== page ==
Microbiological water quality monitoring in a resource-limited urban area: a study in Cameroon, Africa


Submitted: 15 November 2011
Accepted: 3 August 2012
Published: 22 October 2012
Abstract Views: 1243
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Authors

  • Andrew W. Nelson Department of Civil and Environmental Engineering, Colorado School of Mines, Golden; Molecular, Cellular, Developmental Biology, University of Colorado, Boulder; DOORs Cameroon Inc., Boulder, United States.
  • Leah M. Feazel Department of Civil and Environmental Engineering, Colorado School of Mines, Golden; Division of Infectious Diseases, School of Medicine, University of Colorado Anschutz Medical Campus, Aurora; DOORs Cameroon Inc., Boulder; Microbiome Research Consortium, University of Colorado Anschutz Medical Campus, Aurora, CO, United States.
  • Charles E. Robertson Molecular, Cellular, Developmental Biology, University of Colorado, Boulder, United States.
  • John R. Spear Department of Civil and Environmental Engineering, Colorado School of Mines, Golden, United States.
  • Daniel N. Frank Division of Infectious Diseases, School of Medicine, University of Colorado Anschutz Medical Campus, Aurora; Microbiome Research Consortium, University of Colorado Anschutz Medical Campus, Aurora, CO, United States.
In resource-limited developing nations, such as Cameroon, the expense of modern water-quality monitoring techniques is prohibitive to frequent water testing, as is done in the developed world. Inexpensive, shelf-stable 3M™ Petrifilm™ Escherichia coli/Coliform Count Plates potentially can provide significant opportunity for routine water-quality monitoring in the absence of infrastructure for state-of-the-art testing. We used shelf-stable E. coli/coliform culture plates to assess the water quality at twenty sampling sites in Kumbo, Cameroon. Culture results from treated and untreated sources were compared to modern bacterial DNA pyrosequencing methods using established bioinformatics and statistical tools. Petrifilms were reproducible between replicates and sampling dates. Additionally, cultivation on Petrifilms suggests that treatment by the Kumbo Water Authority (KWA) greatly improves water quality as compared with untreated river and rainwater. The majority of sequences detected were representative of common water and soil microbes, with a minority of sequences (<40%) identified as belonging to genera common in fecal matter and/or causes of human disease. Water sources had variable DNA sequence counts that correlated significantly with the culture count data and may therefore be a proxy for bacterial load. Although the KWA does not meet Western standards for water quality (less than one coliform per 100 mL), KWA piped water is safer than locally available alternative water sources such as river and rainwater. The culture-based technology described is easily transferrable to resource-limited areas and provides local water authorities with valuable microbiological safety information with potential to protect public health in developing nations.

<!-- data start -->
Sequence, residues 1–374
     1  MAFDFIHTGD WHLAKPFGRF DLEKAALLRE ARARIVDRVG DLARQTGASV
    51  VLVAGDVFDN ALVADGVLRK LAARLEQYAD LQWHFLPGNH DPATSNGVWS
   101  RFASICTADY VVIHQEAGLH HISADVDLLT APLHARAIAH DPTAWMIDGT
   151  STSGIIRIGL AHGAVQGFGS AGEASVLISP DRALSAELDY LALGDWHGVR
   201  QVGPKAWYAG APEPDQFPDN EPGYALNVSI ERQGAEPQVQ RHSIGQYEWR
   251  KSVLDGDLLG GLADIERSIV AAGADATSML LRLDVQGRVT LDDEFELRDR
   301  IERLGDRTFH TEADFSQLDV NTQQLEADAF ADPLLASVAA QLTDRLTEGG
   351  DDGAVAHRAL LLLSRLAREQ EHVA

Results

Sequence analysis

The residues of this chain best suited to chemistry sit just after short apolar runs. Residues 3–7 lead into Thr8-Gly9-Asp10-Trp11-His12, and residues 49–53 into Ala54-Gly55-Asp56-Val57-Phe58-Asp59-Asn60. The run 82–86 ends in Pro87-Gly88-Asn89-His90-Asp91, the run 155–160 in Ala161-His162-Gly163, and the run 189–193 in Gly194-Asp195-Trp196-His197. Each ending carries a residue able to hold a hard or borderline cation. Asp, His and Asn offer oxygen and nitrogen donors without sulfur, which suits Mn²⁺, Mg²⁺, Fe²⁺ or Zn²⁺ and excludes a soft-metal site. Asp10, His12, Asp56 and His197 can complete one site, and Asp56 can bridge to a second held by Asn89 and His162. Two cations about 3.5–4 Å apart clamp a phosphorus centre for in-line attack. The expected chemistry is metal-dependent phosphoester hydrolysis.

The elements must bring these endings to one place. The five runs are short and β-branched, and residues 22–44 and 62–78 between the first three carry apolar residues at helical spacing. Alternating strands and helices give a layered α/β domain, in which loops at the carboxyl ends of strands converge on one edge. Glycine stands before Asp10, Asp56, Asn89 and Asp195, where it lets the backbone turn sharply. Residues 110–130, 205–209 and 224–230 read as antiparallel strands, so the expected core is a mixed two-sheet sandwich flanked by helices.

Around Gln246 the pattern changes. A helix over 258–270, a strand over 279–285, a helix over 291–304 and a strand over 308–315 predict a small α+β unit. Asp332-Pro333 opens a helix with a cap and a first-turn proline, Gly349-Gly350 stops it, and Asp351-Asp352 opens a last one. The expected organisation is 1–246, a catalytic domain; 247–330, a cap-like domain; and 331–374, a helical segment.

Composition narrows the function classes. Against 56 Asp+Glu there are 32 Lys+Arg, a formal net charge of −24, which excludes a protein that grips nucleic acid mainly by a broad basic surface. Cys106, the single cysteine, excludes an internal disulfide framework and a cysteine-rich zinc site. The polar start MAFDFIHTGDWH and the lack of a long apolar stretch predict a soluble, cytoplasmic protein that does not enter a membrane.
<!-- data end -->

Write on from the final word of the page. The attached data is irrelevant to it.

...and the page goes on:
Daniel N. Frank, Division of Infectious Diseases, School of Medicine, University of Colorado Anschutz Medical Campus, Aurora; Microbiome Research Consortium, University of Colorado Anschutz Medical Campus, Aurora, CO

Assistant Professor

Supporting Agencies

U.S. National Institutes of Health, Pink Foundation, Colorado School of Mines

Nelson, A. W., Feazel, L. M., Robertson, C. E., Spear, J. R., & Frank, D. N. (2012). Microbiological water quality monitoring in a resource-limited urban area: a study in Cameroon, Africa. Journal of Public Health in Africa, 3(2), e19. https://doi.org/10.4081/jphia.2012.e19

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